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Discussion in 'Mac Basics and Help' started by maximus06, Nov 26, 2007.
Riddle me this;
Why do you need to chmod a folder?
Which folder are you unable to chmod?
When you're in terminal, if you simply type "man xxx" where xxx = the name of the function, it'll bring up the manpage (aka "manual page") for that function/program/etc., generally explain it's function and give you an exhaustive list of all possible switches (that is, parameter modifiers). Type a single "q" to quit and be returned to the command prompt.
Generally, with chmod, you are either going to add or subtract privs on the file or folder in question. Let's pretend the folder in question is called "whoopie", and it's sitting in your Documents folder. Your best bet would be to navigate to the folder first, then mess with it.
In Linux (which is applicable here) they use the shortcut "~/" to mean your own home directory's root level. So, if you typed "cd ~/Desktop" and pressed return, you'd be sitting on your desktop. Then, assuming the folder in question was located there, you could just do the following:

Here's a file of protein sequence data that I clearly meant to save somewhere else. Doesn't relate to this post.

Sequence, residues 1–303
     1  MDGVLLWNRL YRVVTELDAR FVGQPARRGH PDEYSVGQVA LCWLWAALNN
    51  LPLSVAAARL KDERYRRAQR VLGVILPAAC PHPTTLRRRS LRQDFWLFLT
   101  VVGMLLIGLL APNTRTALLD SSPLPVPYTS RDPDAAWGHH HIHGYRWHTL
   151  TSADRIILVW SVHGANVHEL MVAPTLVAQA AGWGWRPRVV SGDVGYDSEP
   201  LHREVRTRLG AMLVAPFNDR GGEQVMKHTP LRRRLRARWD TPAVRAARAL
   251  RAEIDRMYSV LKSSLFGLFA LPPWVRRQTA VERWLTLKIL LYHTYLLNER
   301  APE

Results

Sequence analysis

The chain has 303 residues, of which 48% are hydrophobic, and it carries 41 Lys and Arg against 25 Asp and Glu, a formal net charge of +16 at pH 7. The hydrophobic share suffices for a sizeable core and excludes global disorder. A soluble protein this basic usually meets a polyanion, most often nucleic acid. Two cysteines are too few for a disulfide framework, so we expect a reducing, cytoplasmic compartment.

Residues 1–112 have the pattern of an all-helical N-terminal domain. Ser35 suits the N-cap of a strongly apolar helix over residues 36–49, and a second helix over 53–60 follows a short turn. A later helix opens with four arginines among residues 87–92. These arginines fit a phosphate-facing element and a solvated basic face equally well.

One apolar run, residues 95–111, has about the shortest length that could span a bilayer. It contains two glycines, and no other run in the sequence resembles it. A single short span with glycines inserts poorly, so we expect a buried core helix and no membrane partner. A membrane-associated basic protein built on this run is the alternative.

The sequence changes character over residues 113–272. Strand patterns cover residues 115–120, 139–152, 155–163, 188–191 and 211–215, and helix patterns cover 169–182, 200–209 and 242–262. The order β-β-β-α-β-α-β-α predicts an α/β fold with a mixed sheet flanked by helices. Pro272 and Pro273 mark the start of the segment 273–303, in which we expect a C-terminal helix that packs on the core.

chmod +rwxrwxrwx whoopie
However, before you go screwing around with CHMOD or any other terminal-based utility, you really should be asking yourself why this folder would have incorrect permissions set. You might do just as well to open up Disk Utility and have it do a general disk permission repair first, then try to futz with the folder and see what happens.
Guys, I did say "nvm". Which either means I realized the stupiduty of my own question or managed to solve my problem through various stupid trials worthy of nub-recognition. Thanks though.